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Safety of the rVSV ZEBOV vaccine against Ebola Zaire among frontline workers in Guinea
- Juan-Giner, Aitana, Tchaton, Marie, Jemmy, Jean-Paul, Soumah, Aboubacar, Boum, Yap, Faga, Elisabetta Maria, Cisse, Mohamed, Grais, Rebecca F.
- Vaccine 2019 v.37 no.48 pp. 7171-7177
- at-risk population, fever, headache, immunogenicity, pregnancy outcome, vaccination, vaccines, women, Democratic Republic of the Congo, Guinea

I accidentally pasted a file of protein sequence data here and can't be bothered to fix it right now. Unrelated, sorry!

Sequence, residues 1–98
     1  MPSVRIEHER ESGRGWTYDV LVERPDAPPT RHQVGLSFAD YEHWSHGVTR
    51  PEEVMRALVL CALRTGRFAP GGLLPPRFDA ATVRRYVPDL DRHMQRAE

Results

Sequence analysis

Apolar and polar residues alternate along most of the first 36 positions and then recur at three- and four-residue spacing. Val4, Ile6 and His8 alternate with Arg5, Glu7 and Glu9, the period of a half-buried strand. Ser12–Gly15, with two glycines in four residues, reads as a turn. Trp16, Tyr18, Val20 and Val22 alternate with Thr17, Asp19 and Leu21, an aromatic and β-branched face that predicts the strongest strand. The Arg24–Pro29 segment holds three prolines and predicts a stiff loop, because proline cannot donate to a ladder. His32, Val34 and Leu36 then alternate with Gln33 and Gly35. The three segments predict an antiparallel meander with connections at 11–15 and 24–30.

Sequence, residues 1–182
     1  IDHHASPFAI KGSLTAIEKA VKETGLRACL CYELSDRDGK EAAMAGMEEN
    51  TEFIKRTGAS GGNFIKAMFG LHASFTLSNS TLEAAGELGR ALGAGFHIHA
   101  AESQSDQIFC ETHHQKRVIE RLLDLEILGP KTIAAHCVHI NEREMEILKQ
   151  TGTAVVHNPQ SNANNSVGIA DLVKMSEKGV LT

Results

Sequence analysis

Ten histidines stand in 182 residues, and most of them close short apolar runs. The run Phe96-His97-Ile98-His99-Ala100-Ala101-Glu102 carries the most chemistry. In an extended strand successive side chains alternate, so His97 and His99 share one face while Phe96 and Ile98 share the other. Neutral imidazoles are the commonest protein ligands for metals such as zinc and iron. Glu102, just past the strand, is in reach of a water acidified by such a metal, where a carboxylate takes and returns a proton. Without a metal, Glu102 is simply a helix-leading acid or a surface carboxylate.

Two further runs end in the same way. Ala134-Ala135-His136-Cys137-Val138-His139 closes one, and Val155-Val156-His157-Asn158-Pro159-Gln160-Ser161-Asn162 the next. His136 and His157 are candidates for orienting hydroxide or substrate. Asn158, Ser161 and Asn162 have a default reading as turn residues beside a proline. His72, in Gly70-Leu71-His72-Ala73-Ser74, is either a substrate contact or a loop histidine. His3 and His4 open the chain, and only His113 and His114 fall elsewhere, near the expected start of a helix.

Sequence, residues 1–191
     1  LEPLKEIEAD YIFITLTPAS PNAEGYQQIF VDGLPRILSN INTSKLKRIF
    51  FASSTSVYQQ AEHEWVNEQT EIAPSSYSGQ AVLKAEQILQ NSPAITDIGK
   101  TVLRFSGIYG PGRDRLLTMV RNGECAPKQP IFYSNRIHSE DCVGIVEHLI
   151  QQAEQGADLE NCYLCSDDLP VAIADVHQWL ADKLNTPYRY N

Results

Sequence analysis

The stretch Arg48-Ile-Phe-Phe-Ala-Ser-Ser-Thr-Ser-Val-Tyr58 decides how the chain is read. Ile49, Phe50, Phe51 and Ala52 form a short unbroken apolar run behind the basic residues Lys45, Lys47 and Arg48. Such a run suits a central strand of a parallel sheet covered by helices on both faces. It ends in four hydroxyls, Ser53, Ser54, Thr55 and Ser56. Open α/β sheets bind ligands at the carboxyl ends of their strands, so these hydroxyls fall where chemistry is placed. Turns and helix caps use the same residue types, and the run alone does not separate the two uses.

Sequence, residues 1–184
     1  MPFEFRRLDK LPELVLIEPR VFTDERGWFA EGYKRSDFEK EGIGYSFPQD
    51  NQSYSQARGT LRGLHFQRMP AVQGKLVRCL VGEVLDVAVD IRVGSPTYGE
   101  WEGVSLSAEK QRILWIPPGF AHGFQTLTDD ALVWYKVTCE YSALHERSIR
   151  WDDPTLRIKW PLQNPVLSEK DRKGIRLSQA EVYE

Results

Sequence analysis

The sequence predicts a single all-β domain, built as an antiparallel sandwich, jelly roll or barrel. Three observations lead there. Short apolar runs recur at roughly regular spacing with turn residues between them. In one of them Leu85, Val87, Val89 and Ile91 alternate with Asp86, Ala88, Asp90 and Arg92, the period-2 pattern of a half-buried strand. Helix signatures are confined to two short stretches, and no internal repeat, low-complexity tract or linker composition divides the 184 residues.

- As part of the ring vaccination trial in Guinea, Front Line Workers were invited to participate in a sub-study to provide additional information on the immunogenicity and safety of rVSVΔG/ZEBOV-GP. Here we summarize the information on the safety follow-up.An open-label, non-randomized, immunogenicity evaluation of one dose of rVSVΔG/ZEBOV-GP was conducted in Conakry, Guinea between March 2015 and July 2016. Front-line workers refusing vaccination were invited to participate as a control group. Participants were followed for 3 months with a subset followed-up for 6 months after vaccination. Women becoming pregnant during the follow-up were followed until pregnancy outcome. Solicited and unsolicited adverse events were monitored at each contact with participants using standardized study forms.2016 vaccinated participants and 99 controls were included in the safety cohort. On the 3 days post-vaccination visit adverse events were very common, with over 70% of participants reporting at least one adverse event. The most frequently reported symptoms were headache, fatigue, arthralgia, subjective fever and myalgia. Among participants that completed fever diaries (n = 887), post-vaccination fever was reported by 15.22%. Comparing to the unvaccinated group, local reaction, fatigue, headache, arthralgia, myalgia and subjective fever occurring within the first 3 days post-vaccination were statistically significantly different in the vaccinated group compared to the unvaccinated. A total of 8 Serious Adverse Events were identified during follow-up. 2 SAEs were related to pregnancy.Results confirm that adverse events 3 days after vaccination with the rVSV candidate vaccine are common. The occurrence of fever is of particular concern in the context of ongoing Ebola transmission. Additional studies should address important data gaps regarding the use of the vaccine in pregnancy and other vulnerable populations.